Elevated polyamine content and increased ornithine decarboxylase (ODC) activity have been associated with neoplastic growth in numerous animal models and human tissues. Antizyme (AZ) is a negative regulator of polyamine metabolism that inhibits ODC activity, stimulates ODC degradation, and suppresses polyamine uptake. Preliminary evidence, obtained from transgenic mice with tissue specific overexpression of AZ indicates that tumor development can be suppressed by AZ. To extend these studies, we have examined the effect of keratin 5 (K5)- or K6-driven AZ transgenes on 7,12-dimethylbenz[a]anthracene (DMBA)/12-O-tetradecanoylphorbol-13-acetate (TPA) chemical carcinogenesis of the skin, in promotion-resistant C57BL/6 and promotion-sensitive DBA/2 mice. On both genetic backgrounds, K6-AZ mice showed a reduction in tumor multiplicity, with 85% fewer tumors than wild-type controls on the C57BL/6 background and 50% fewer tumors on the DBA/2 background. K5-AZ mice developed 50% fewer tumors than controls on both backgrounds. The percent of mice with tumors and tumor size were also reduced in the K5-AZ and K6-AZ groups. Tumor and TPA-treated skin sections from K6-AZ mice exhibited the strongest AZ expression, with localization mainly in suprabasal keratinocytes. K6-AZ mice also had slightly reduced cell proliferation rates in tumors and TPA-treated skin. The lack of a more pronounced effect on cell proliferation is probably explained by the observation that AZ staining did not colocalize with proliferating cell nuclear antigen (PCNA), a marker for the proliferative compartment. These studies, demonstrate a tumor-suppressive effect of AZ in C57BL/6 and DBA/2 mice, and confirm the importance of ODC and polyamines in tumor development.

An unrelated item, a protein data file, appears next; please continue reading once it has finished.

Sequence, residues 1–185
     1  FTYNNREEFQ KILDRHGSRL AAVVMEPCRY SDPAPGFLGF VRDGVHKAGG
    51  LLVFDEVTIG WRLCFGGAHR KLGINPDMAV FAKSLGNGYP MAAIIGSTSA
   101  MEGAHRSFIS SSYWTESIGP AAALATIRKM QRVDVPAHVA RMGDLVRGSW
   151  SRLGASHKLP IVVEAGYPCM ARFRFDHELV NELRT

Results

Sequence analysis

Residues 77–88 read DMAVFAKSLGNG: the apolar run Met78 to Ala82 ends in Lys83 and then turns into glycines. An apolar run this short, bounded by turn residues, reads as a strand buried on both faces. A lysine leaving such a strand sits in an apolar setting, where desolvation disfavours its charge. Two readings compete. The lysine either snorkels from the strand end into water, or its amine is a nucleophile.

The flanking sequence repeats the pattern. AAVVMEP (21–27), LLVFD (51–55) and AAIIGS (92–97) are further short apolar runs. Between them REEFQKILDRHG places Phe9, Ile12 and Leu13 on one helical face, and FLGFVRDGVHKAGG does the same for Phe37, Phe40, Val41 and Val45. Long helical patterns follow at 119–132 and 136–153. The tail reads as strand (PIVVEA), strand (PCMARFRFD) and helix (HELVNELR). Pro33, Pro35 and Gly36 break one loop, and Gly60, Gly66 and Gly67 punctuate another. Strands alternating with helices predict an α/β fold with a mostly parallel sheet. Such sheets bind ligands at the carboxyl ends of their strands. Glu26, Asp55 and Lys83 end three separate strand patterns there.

All Science Journal Classification (ASJC) codes
- Molecular Biology
- Cancer Research